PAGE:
Many clients have questions about the processing of (sensitive) personal data in light of the current COVID-19 coronavirus outbreak. In this document, we will inform you about the statement issued by the European Data Protection Board (“EPDB”) in that regard.
The EDPB is of the opinion that data protection laws as such do not hinder measures taken to mitigate the COVID-19 outbreak. However, as it is possible that more or different (categories of) personal data are processed due to the outbreak and the measures taken to that end, it is of importance that, according to the EDPB, “even in these exceptional times, the data controller must ensure the protection of the personal data of data subjects. Therefore, a number of considerations should be taken into account to guarantee the lawful processing of personal data.”.
The EDPB confirms that the GDPR provides for the legal grounds to enable the employers and the competent public health authorities to process personal data in the context of epidemics, without the need to obtain the consent of the data subject. According to the statement, such processing of personal data is possible for employers:
- for reasons of public interest in the area of public health (art. 9(2)(i) GDPR
- to protect vital interests (art. 6(1)(d) GDPR), or
- to comply with another legal obligation
Unfortunately, the EDPB only sums up possible options that can be found in the GDPR but does not clearly confirm that we are in a situation in which these options can actually be invoked by employers to avoid the problem that in many jurisdictions consent is not a valid ground in an employment context.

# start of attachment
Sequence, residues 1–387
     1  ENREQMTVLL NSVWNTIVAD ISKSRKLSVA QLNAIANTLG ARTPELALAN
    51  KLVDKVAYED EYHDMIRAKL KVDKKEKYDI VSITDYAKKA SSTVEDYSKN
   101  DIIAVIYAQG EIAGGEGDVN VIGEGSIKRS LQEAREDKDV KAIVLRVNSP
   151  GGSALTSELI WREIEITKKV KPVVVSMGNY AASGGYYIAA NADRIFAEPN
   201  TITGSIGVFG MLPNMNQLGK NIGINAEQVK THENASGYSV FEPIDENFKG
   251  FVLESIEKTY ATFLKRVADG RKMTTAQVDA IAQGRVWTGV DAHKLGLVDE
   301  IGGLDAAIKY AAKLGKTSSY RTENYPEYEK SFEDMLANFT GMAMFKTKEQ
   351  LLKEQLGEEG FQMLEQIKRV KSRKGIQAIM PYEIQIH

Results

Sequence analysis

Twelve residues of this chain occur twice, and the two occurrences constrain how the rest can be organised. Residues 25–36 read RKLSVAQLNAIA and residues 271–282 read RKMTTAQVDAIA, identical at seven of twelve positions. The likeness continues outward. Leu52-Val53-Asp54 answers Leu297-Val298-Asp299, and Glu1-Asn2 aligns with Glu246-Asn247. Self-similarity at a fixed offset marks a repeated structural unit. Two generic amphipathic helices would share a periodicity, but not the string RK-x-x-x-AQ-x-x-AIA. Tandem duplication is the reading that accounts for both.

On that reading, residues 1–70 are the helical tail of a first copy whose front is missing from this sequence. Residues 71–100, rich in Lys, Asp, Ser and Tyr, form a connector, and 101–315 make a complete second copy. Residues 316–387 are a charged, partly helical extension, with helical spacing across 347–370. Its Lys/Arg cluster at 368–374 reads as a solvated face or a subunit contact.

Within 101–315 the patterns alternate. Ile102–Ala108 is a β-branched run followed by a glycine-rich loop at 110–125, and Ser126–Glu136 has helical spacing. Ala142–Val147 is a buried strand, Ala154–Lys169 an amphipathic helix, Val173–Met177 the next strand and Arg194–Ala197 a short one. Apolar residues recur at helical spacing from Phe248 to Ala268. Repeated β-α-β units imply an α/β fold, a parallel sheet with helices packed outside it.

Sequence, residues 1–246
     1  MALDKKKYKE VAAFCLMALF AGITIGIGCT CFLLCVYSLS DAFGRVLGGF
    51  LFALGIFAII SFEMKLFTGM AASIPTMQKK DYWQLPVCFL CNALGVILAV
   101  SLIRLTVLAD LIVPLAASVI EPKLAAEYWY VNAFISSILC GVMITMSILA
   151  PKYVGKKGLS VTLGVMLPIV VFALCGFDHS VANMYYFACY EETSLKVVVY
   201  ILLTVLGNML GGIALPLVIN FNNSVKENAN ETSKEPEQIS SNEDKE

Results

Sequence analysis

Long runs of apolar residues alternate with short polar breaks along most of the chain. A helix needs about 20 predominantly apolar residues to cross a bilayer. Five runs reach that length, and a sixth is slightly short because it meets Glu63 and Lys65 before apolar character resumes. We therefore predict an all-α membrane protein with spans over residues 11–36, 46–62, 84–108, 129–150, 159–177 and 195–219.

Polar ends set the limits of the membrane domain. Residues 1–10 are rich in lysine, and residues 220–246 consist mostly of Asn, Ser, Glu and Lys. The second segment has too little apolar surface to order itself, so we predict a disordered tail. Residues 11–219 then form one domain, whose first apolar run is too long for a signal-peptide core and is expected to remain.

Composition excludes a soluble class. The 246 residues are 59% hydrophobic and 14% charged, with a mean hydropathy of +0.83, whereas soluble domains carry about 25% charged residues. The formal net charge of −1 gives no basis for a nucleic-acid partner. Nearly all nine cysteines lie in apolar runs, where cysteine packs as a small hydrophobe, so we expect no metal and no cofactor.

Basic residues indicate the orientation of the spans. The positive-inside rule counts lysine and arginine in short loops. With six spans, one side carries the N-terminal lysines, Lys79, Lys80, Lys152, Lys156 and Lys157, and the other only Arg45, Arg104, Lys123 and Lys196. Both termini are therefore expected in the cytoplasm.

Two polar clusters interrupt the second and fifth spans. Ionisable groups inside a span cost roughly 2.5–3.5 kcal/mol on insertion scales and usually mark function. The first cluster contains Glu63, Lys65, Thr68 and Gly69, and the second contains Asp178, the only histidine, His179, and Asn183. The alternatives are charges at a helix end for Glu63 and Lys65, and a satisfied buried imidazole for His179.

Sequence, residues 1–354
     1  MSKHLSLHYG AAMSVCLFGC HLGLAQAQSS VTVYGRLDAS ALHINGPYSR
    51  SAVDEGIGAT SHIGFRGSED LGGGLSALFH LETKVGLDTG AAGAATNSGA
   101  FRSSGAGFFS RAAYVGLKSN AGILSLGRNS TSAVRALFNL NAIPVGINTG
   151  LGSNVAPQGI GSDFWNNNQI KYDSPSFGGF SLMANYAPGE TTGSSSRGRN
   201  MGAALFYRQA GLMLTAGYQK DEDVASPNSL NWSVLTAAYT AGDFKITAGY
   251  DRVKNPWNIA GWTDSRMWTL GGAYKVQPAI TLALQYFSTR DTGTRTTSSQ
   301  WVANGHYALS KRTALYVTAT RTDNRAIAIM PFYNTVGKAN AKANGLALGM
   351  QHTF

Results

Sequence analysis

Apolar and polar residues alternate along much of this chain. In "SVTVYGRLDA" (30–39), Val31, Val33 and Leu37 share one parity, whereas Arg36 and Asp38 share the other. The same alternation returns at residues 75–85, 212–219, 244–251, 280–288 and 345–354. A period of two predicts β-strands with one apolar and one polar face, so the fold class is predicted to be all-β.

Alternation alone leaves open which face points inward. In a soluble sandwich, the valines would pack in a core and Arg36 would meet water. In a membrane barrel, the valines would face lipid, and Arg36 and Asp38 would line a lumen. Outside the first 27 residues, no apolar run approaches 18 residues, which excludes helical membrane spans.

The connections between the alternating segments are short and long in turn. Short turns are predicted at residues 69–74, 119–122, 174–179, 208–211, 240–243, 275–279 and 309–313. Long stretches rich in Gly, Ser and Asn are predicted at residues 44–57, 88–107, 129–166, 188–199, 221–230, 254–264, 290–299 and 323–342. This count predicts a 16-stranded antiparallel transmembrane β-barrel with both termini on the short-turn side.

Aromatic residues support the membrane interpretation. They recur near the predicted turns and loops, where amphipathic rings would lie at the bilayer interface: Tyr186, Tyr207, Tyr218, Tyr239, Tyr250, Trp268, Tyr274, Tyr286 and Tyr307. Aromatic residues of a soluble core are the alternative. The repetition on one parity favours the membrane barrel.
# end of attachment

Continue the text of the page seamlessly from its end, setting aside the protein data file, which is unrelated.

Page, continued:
Exception of article 9(2)(i) GDPR
It is important to note that said exception of art. 9(2)(i) GDPR only applies ‘on the basis of Union or Member State law that applies for suitable and specific measures to safeguard the rights and freedoms of the data subject’. It is also worth mentioning that the ‘vital interest’ exception applies only in very limited situations of acute risk. Of course, the pandemic we are facing is exceptional but as long as authorities do not advise to take such measures to protect the vital interests of data subjects, it is in our opinion questionable whether an employer is free to impose temperature measurements under the GDPR. An alternative could be to require employees to check their temperature themselves regularly and to report to the occupational health and service provider in case of a fever.
The foregoing does not only apply to the processing of data concerning health, for instance when measuring fevers or registering symptoms, which may allow the exceptions of “vital interests” or “public interest in the area of public health” to be invoked. It also applies to the processing of location data, for instance with regard to travel history, by operators and public authorities, which is governed by the e-Privacy Directive. The EDPB recognizes that processing such data for reasons of safeguarding public health might fall under the notion of “national or public security” as listed in the e-Privacy Directive (and national implementation acts).The processing of electronic communication data, such as mobile location data, is governed by additional rules.The EDPB stresses that under the e-Privacy Directive location data can only be used by the operator when they are made anonymous, or with the consent of the individuals concerned. Therefore, public authorities should aim for the anonymous processing of location data (i.e. processing data aggregated in a way that it cannot be traced back to personal data). This could enable the generation of reports on the concentration of mobile devices at a certain location (“cartography”).
When it is not possible to process anonymous data only, art. 15 of the e-Privacy Directive allows the Member States to introduce emergency legislation.
The bottom-line remains that the rights and interests of data subjects should be carefully balanced against any other (legitimate) interests when processing personal data and that EU and national data protection laws should be adhered to, even in the event of “health crises”, such as the current COVID-19 outbreak.